Saudi Arabia, the United Arab Emirates, Egypt and Bahrain launched a political and commercial boycott of Qatar last June, accusing it of supporting terrorism.
Qatar has ordered retailers to stop selling products from Saudi Arabia and other countries that severed ties with it almost a year ago.
Qatar quickly turned to other countries like Turkey to help replace the supplies of food and other key imports that had suddenly been cut off.
But third parties have still been bringing some products from the boycotting nations to Qatar “through illegal channels, as the opportunities for the black market grow. Saudi produce will now be sold alongside illegal products like alcohol and drugs in the Muslim country.
In order to combat the illegal trade the Qatari government said in a statement late Saturday that the directive to retailers to stop selling the products was intended to protect consumers and combat smuggling.
A ban on the sale of goods from the boycotting countries was enforced in Qatar in the early days of the crisis, but the government has seen an increase in smuggling and now the retail ban is designed to quash the demand for Saudi produce.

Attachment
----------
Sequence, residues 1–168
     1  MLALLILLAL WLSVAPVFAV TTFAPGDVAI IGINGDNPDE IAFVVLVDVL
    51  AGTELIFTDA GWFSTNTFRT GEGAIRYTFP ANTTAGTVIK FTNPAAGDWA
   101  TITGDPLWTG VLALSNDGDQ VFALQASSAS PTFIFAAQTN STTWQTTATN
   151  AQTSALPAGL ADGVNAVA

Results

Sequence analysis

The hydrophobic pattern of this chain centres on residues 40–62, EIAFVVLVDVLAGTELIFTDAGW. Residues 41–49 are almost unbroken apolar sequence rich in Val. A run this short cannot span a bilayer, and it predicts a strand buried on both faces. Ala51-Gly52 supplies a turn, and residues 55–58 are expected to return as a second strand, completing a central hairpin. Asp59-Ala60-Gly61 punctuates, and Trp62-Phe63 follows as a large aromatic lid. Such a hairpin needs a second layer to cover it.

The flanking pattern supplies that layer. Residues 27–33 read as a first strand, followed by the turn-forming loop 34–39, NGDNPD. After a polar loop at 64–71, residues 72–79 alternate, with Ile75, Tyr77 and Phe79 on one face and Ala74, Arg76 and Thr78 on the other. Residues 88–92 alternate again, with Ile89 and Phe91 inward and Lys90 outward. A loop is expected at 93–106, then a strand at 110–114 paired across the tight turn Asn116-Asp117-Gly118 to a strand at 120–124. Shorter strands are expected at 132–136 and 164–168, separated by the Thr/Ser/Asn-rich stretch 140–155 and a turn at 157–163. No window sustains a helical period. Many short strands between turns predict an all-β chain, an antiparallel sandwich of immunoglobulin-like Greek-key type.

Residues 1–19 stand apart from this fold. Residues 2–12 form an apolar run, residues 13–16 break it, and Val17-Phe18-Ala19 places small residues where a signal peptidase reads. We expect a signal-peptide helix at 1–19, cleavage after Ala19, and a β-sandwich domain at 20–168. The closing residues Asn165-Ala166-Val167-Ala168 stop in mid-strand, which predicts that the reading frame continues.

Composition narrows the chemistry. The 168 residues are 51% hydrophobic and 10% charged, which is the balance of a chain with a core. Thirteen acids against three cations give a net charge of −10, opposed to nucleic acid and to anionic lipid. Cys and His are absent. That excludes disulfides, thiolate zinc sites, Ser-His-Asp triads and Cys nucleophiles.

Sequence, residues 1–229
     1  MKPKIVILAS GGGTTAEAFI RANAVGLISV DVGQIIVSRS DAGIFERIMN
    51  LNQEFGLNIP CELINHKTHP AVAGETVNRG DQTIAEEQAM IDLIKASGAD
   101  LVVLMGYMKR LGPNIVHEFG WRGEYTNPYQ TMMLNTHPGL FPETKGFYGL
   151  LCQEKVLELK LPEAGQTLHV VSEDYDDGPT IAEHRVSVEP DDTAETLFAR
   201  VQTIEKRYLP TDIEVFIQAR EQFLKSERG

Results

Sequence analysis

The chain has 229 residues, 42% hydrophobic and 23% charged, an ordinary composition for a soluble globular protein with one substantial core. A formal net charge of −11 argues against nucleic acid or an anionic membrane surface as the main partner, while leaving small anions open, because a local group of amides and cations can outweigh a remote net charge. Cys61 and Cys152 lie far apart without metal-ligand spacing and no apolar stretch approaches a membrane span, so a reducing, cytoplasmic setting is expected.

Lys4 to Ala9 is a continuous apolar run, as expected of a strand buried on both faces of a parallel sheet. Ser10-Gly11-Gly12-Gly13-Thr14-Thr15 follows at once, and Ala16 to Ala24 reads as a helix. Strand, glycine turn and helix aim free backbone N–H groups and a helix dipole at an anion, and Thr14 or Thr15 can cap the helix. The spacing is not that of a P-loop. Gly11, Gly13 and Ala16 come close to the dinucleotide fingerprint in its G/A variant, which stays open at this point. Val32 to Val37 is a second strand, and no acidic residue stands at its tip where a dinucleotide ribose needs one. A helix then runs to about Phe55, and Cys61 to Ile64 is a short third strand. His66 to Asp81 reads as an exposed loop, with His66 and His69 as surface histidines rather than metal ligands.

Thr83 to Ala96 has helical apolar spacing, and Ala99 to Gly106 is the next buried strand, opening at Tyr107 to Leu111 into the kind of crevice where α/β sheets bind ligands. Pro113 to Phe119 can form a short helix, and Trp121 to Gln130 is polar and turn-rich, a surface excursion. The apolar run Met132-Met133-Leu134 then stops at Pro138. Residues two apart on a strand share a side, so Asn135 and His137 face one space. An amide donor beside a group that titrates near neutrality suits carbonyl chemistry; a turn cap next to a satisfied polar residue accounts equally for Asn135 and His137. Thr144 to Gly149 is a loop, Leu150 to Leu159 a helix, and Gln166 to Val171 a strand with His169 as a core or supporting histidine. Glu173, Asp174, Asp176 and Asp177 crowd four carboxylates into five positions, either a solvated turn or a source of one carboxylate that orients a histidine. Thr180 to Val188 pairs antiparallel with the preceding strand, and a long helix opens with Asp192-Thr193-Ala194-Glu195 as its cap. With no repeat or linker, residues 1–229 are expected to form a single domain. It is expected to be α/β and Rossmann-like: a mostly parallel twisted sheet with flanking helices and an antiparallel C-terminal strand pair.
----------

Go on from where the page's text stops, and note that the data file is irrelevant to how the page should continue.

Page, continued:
The Gulf state’s standoff with Saudi Arabia and the other Arab nations who are loyal to Saudi Arabia, is taking part in the boycott shows no sign of coming to an end. The Qatari government has strenuously denied the accusations of supporting terrorism.
After weathering the initial shock last year, the Qatari government says it has adapted to the new environment as initially, the Saudi authorities gave a very short deadline to the Qatar and closed its airspace to Qatar Airways last year in June.
In June of last year Saudi Arabia, the United Arab Emirates, Egypt,Bahrain, Yemen and the Maldives say they are severing diplomatic relations with Qatar.
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